To market your business, reach new customers, and create long-lasting loyalty, you need one indispensable element: CONTENT. Whether it’s bite-sized tweets that allow you to forge relationships on Twitter, blog posts that give your readers must-have advice, ebooks or white papers that engage (and don’t bore), videos that share the human side of your company, interactive webinars that deliver a valuable learning experience, or podcasts that can be downloaded and listened to on the fly (and more!) . . . now more than ever, content rules!
Today, you have an unprecedented opportunity to create a treasury of free, easy-to-use, almost infinitely customizable content that tells the story of your product and your business, and positions you as an expert people will want to do business with.Ann Handley and C.C. Chapman, business writers, speakers, and marketing thought leaders for clients such as The Coca-Cola Company, HBO, and Verizon FiOS, show you how to leverage all of today’s tools to create content that truly speaks to your audience. They’ll show you how to:
Understand why you are generating content—getting to the meat of your message in practical, commonsense language, and defining the goals of your content strategy
Explore ways to integrate searchable words into your content without sounding forced (or sounding like “Frankenspeak”)
Write in a way that powerfully communicates your service, product, or message across various Web mediums
Create a publishing schedule that allows you to create different kinds and types of content at once
Offering examples of businesses using content effectively across a wide range of industries and fascinating explanations of how you might approach your own content strategy, Content Rules is the essential field guide to creating your story, finding the right balance of humor and humanity in your content, and building a portfolio of value that will keep delivering for the long haul.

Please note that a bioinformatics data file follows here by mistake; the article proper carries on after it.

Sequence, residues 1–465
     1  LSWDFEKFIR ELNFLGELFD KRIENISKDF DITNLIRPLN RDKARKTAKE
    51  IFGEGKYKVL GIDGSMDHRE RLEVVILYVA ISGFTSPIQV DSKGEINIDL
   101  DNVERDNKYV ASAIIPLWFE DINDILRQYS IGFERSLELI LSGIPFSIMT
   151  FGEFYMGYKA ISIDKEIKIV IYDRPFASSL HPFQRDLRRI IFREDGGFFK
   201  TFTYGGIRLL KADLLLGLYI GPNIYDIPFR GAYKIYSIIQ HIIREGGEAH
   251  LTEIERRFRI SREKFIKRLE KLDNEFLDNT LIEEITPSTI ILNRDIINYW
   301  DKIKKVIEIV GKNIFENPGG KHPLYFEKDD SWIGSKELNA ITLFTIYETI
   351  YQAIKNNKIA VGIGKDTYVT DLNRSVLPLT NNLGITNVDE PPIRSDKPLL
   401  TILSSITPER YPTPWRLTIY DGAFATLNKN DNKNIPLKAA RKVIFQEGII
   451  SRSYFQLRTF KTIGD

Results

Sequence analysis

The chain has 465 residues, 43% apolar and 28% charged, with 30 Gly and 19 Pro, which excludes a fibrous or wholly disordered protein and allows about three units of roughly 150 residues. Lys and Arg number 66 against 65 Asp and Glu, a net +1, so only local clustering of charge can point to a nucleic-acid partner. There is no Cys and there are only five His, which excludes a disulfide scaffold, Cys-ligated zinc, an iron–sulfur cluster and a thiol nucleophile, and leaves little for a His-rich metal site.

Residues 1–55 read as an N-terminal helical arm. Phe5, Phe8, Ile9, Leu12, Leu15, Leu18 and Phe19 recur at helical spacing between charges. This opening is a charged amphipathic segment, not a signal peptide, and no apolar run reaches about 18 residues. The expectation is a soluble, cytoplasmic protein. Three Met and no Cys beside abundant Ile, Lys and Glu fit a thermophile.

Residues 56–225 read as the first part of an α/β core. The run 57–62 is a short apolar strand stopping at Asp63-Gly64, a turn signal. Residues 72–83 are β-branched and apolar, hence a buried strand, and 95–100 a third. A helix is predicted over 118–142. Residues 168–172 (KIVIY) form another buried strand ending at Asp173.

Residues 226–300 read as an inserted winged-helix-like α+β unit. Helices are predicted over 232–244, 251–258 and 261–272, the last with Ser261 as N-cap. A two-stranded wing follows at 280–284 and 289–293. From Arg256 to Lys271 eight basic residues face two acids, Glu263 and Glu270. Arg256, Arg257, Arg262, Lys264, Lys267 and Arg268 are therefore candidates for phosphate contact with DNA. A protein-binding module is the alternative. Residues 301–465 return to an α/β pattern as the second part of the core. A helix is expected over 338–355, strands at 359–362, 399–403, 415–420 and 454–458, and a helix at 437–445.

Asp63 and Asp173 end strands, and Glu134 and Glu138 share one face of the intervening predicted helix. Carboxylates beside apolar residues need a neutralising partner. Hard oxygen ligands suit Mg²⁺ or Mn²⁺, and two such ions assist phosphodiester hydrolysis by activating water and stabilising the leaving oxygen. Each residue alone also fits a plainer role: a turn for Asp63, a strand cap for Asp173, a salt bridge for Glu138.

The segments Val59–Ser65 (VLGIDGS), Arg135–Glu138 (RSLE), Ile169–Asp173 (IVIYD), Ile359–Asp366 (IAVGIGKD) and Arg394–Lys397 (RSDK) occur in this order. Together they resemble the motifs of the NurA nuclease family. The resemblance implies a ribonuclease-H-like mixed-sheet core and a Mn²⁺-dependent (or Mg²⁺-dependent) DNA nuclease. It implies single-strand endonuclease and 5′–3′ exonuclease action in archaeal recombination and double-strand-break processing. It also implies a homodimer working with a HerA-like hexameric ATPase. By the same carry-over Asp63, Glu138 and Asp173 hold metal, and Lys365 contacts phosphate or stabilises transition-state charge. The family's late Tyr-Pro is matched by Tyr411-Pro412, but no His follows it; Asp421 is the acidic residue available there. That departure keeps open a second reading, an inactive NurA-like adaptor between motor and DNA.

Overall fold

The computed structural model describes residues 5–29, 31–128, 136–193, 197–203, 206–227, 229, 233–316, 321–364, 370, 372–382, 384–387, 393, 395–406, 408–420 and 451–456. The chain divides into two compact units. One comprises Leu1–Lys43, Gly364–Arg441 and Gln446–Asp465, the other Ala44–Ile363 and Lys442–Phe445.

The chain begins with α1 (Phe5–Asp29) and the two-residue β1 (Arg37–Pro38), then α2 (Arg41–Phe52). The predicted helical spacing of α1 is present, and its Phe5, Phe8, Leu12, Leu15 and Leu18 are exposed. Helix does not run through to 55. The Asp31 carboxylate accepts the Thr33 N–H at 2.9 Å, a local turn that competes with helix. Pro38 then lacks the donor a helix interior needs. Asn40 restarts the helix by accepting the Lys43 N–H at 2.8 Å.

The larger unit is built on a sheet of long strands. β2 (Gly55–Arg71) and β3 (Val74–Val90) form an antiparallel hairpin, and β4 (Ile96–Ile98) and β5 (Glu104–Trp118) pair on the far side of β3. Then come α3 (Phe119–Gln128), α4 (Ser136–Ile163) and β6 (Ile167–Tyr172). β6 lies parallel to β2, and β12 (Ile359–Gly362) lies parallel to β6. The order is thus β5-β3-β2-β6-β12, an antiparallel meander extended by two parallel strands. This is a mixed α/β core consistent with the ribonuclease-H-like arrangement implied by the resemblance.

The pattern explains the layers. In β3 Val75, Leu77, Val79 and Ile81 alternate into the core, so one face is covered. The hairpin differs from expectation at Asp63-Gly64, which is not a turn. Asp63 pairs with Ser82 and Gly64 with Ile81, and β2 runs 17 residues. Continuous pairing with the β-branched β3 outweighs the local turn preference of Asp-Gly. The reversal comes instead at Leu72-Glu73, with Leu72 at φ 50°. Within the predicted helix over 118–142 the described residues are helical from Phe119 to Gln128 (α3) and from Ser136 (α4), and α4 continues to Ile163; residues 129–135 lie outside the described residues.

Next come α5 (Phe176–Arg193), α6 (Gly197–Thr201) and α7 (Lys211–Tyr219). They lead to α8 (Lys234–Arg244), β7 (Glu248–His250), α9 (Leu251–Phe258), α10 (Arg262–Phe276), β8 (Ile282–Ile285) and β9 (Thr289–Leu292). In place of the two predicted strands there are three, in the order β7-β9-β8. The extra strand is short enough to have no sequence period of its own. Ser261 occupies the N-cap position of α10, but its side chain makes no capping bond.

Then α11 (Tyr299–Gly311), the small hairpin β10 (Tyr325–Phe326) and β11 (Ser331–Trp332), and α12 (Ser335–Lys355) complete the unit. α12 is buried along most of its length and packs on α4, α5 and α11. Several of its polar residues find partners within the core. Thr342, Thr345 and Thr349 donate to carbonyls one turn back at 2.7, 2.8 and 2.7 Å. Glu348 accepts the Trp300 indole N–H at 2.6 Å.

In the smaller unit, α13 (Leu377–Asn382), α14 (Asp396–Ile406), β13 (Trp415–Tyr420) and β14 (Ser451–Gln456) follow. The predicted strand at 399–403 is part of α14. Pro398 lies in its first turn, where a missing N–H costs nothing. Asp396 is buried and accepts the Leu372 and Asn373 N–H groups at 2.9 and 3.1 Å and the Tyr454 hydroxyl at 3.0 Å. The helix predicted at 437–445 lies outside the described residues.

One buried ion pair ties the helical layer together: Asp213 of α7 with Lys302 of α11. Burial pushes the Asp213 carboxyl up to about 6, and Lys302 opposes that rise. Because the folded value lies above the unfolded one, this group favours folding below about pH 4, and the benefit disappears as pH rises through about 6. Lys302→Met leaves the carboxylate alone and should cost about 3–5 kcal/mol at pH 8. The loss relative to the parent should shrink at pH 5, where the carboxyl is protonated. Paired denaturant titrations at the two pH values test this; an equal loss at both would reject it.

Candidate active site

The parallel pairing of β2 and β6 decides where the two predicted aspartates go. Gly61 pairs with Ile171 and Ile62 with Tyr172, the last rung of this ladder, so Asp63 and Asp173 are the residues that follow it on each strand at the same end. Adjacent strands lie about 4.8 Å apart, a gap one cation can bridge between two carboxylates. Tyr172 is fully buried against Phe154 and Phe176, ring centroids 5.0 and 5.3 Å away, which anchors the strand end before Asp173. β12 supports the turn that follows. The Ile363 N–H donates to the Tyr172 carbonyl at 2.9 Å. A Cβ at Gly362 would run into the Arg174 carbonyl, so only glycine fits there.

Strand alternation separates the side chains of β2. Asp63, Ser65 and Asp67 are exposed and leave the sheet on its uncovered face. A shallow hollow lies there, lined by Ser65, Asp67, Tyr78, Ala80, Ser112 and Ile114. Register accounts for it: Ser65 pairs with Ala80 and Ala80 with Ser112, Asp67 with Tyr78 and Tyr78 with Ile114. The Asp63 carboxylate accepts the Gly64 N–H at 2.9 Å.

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Average at best, narration needs a lot of work.
I listen to most of my audio books while driving to and from work. I find that my attention to the audio is a great gauge for the interaction provided from the narrator. Unforunately, Ms. Handley is a dreadful narrator. I found myself tuning her out numerous times regardless of the value of what she was saying, which is unfortunate. Ms. Handley really needs some coaching to perfect her narration, otherwise the next book is going to suffer equally. I felt as if she was reading from a book in a 12th grade English class. Very few inflections, and when they were present, they were very obviously over the top as if the text on the page read (read with intent here.) Mr. Chapman was average in terms of holding my attention, but he did manage to bring some life to the recording. His speech was a bit more conversational, which helps to keep the listener interested and engaged. In terms of information, I have to say this was one of the more desireable aspects of the book. They covered a diverse number of topics and gave great detail as to how one might endeavor to put these plans into action. Unfrotunately, once again I need to focus on Ms. Handley, as her portion of the book had some rather inane concepts. For example, there was an entire section devoted to word substitutions. At the risk of sounding arrogant, who are YOU to tell me what words my audience will appreciate? Several buzz words that you suggested were just as aggregious, if not more offensive than the originals. It seems to me that this was wasted filler material that is highly subjective and serves no benefit but to prop up the authors as some sort of authorities on what will or will not fly. Let's be clear, this book is just another in a series of social marketing tools, and the fact that it exists only goes to show that you're trying. Let's not take ourselves too seriously and assume that we know for a fact what will and will not work. This is a dangerous precedent to set. All in all, it's not a bad book. There were some good nuggets of information, some filler and minor repetition. And by the way, I think I'm noticing a trend here. Much like websites work to get backlinks from other sites, it appears that books (or audio books) function much the same way, with authors often mentioning other authors in their readings....and those other authors just happen to have books for sale during the same period of time. Coincidence? I'll leave you to figure it out.